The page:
Employees monitor natural gas transmission facilities in Zibo, East China's Shandong Province. (Photo: VCG)
China officially separated the energy transport business from the big three state oil companies on Monday by establishing a corporation known as the China Oil & Gas Piping Network Corp.
Premier Li Keqiang stressed that the establishment of the new enterprise should promote reform and innovation, and improve the efficiency of the allocation of oil and gas, in a bid to better serve national strategies and improve people's welfare.
It's a significant step in the restructuring of China's energy sector, analysts said, making it more open and attractive to competitive private-sector players.
The new company will specialize in financing, building and operating long-distance oil and natural gas pipelines and dispatch facilities, China Central Television (CCTV) reported on Monday.
As an essential part of the reform of the natural gas industry, it could help form open upstream and downstream markets while controlling the middle segment, which deals with transportation, said Chen Zhanming, an associate professor of the School of Applied Economics at the Renmin University of China.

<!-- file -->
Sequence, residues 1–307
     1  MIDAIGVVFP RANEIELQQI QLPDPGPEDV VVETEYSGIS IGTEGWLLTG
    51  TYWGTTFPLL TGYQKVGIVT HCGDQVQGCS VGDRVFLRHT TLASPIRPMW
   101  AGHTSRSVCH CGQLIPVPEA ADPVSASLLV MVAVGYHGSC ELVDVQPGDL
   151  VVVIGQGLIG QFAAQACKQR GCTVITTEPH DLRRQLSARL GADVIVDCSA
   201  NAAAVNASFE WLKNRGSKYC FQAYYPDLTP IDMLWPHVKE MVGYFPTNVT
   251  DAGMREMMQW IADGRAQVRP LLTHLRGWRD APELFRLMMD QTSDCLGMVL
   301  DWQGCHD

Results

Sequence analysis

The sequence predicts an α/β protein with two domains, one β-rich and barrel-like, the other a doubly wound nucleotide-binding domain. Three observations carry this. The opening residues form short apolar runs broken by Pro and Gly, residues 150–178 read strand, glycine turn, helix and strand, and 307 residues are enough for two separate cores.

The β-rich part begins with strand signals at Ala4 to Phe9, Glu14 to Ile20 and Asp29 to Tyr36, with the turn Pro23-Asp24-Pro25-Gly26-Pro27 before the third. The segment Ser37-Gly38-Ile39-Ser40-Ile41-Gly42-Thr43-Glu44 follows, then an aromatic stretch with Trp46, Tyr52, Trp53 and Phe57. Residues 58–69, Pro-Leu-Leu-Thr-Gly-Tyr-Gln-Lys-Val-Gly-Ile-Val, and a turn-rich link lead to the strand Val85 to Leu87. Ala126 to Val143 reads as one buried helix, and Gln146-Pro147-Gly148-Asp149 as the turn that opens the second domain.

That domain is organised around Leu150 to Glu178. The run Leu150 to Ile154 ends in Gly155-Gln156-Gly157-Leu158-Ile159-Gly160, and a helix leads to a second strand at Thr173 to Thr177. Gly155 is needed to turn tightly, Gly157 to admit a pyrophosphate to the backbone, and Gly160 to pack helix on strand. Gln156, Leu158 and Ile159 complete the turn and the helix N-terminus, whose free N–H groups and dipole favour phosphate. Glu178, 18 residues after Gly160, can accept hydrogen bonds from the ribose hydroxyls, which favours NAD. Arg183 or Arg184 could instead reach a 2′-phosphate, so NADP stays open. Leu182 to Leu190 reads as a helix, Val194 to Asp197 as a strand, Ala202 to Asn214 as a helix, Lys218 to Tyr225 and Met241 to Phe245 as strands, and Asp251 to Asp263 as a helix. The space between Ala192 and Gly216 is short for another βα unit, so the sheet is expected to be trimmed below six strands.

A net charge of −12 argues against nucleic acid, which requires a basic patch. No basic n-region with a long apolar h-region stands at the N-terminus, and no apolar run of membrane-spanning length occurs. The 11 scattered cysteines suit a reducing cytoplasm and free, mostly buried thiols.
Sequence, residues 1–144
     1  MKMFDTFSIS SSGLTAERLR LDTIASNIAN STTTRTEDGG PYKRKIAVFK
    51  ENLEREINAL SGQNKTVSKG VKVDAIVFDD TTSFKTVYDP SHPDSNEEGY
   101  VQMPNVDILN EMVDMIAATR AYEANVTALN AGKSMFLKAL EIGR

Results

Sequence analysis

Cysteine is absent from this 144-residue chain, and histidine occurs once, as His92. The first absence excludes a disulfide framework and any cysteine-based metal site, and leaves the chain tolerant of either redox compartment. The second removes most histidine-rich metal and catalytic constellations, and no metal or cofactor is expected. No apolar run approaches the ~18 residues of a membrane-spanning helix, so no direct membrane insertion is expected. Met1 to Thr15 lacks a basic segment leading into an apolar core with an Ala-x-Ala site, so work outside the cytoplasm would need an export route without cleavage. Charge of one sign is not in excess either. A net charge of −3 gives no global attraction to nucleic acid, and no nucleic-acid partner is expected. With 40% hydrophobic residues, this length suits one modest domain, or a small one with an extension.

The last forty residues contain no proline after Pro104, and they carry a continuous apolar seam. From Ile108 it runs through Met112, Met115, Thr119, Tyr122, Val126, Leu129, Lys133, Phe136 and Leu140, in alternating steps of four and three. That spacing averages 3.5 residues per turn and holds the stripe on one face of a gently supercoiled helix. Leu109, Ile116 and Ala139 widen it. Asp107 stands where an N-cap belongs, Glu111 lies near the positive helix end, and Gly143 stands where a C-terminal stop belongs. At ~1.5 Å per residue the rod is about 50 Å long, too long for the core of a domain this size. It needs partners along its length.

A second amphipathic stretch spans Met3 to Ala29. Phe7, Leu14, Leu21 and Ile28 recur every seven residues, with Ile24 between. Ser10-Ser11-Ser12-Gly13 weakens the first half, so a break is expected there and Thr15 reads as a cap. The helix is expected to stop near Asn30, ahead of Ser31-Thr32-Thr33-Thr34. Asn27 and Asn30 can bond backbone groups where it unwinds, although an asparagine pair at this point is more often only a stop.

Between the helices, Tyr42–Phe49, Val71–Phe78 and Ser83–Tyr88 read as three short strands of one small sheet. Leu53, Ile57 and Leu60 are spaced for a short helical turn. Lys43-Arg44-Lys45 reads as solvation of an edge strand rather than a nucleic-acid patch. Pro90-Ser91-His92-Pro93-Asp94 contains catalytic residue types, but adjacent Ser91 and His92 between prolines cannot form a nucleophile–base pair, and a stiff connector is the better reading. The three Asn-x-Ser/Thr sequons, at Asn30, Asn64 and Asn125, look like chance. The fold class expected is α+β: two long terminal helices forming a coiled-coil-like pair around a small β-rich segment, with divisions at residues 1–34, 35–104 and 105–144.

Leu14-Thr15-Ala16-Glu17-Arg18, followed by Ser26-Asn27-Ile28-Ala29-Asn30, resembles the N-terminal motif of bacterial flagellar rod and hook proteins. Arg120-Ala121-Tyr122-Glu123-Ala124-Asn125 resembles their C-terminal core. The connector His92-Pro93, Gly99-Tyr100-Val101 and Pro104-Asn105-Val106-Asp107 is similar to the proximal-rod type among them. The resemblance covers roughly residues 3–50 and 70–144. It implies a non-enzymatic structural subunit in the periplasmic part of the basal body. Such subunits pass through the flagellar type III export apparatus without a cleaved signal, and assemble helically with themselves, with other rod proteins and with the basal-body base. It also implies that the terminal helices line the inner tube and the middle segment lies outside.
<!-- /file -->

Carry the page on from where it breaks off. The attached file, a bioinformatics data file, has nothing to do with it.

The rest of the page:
It offers non-discriminatory access to participants from different sectors to enter the upstream and downstream ends of the industry, Chen said, by removing their concerns about transporting energy to consumers.
Industry insiders said more private companies will be able to participate in China's booming gas market, which for years has been monopolized by state-owned enterprises (SOEs). Some observers, however, expressed concerns that SOEs' financial conditions may be affected.
Their income from natural gas businesses account for a steady share of their total revenues. About 40 percent of the new group's shares are controlled by the State-owned Assets Supervision and Administration Commission of the State Council. The big three oil companies hold the rest - PetroChina with 30 percent, Sinopec with 20 percent and China National Offshore Oil Corp (CNOOC) with 10 percent, according to media reports.
Relevant assets of the three SOEs, including natural gas pipeline networks, gas storage facilities, and LNG terminals, will be transferred to the new group.
"It's an overhaul for the natural gas industry," a source close to the reform agenda said, noting that the creation of an independent entity will improve efficiency and make the market more transparent. By introducing private companies, it will also accelerate the construction of basic infrastructure for energy sectors.
As of the end of 2018, China had 96,000 kilometers of oil and gas pipelines - 63 percent built by PetroChina, 31 percent by Sinopec and 6 percent by CNOOC.
However, the establishment of a new group that specializes in energy pipelines could mean the interests of the three oil giants may suffer. An employee of PetroChina, who spoke on condition of anonymity, told the Global Times that he is worried about whether the reform agenda and asset transfer can go forward smoothly, without encountering opposition from the SOEs.